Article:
| WASHINGTON, June 16
WASHINGTON, June 16 Republican Senator John
McCain on Monday said he was concerned by recent revelations of
U.S. government-industry "cronyism" in developing Lockheed
Martin Corp's F-35 fighter jet, and said the $398.6
billion program still had "major problems."
McCain, a key member of the Senate Armed Services Committee,
said he had long been troubled by the Pentagon's payment of
85-percent or higher award fees to Lockheed on the F-35 program
despite cost increases and schedule delays, adding the
background to those decisions was "disturbing."
Former Deputy Defense Secretary Ashton Carter last month
said the Pentagon's F-35 program manager told him he had kept
the fees high because he liked the Lockheed executive in charge,
and the company official had said he would be fired if the fees
fell below 85 percent.
Carter, who was the Pentagon's chief weapons buyer at the
time, made the remarks at a university event on May 16 and they
were reported by InsideDefense.com on May 30.
"This is, of course, totally unacceptable. It is the kind of
cronyism that should make us all vigilant against, as President
Eisenhower warned us over 50 years ago, the military-industrial
complex," McCain said in a speech on the Senate floor on Monday.
Carter did not name the people involved but said the F-35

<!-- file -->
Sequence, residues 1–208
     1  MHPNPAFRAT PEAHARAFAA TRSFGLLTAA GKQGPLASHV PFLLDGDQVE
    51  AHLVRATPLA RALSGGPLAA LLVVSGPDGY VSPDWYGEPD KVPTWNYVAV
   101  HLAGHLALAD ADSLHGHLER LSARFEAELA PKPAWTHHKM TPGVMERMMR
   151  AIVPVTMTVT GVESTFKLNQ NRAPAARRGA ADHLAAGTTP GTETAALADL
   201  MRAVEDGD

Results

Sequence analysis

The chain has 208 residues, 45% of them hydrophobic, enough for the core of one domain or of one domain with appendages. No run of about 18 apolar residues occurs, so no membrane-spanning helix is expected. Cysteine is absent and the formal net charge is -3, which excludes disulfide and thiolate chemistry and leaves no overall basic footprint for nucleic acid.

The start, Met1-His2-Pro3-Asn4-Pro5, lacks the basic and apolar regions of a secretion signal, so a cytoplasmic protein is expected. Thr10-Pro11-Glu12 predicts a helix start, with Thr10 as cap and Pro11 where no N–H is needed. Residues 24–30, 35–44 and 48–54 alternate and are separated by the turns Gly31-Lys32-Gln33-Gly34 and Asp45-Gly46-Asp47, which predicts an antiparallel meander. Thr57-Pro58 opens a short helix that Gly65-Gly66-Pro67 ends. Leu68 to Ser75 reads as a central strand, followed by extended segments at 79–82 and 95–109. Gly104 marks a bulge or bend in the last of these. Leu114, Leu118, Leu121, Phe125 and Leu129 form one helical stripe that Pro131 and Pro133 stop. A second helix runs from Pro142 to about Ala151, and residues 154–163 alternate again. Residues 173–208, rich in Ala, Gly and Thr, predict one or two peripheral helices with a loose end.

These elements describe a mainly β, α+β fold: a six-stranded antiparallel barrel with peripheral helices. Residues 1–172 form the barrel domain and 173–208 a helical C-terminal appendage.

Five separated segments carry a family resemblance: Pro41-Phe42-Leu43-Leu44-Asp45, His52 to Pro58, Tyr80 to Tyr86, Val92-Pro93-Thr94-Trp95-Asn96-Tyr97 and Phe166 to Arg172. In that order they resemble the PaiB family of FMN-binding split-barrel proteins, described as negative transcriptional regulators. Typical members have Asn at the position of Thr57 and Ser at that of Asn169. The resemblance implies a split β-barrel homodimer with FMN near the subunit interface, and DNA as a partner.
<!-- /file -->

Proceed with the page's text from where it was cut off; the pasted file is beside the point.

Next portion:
program manager was fired. Then-Defense Secretary Robert Gates
fired Brigadier General David Heinz, the two-star Marine Corps
general who was running the F-35 program at the time, in
February 2010 and elevated the job to the three-star level.
Lockheed later announced the departure of Dan Crowley, who
was the company's F-35 program manager at the time. Lockheed
declined comment on Monday.
McCain said the incident raised questions about why award
fees were included in the initial F-35 contract in 2001, and why
senior officials overseeing the program had not questioned the
level of the fees given cost and schedule problems.
He said it also highlighted the importance of giving federal
acquisition officials the tools they needed to avert the
"unwarranted influence" of contractors on government programs.
McCain said the F-35, the Pentagon's largest weapons
program, continued to face major challenges despite a recent
report from the Government Accountability Office, which said it
was "moving in the right direction."
"This is clearly a program that has had and continues to
have major problems," McCain said, citing mandatory inspections
ordered last week of all F-35 jets after an oil leak caused an
in-flight emergency at a Marine Corps based in Arizona.
Frank Kendall, the Pentagon's current acquisition chief,
last week highlighted the importance of incentive fees in
structuring contracts, but rejected the use of "one size fits
all" policies on contracts since each deal was unique. He said
training acquisition workers was critical.
McCain also said was skeptical about letting acquisition
officials decide which contract structure was "appropriate" in
the absence of effective guidance and training.
(Reporting by Andrea Shalal; Editing by Ken Wills)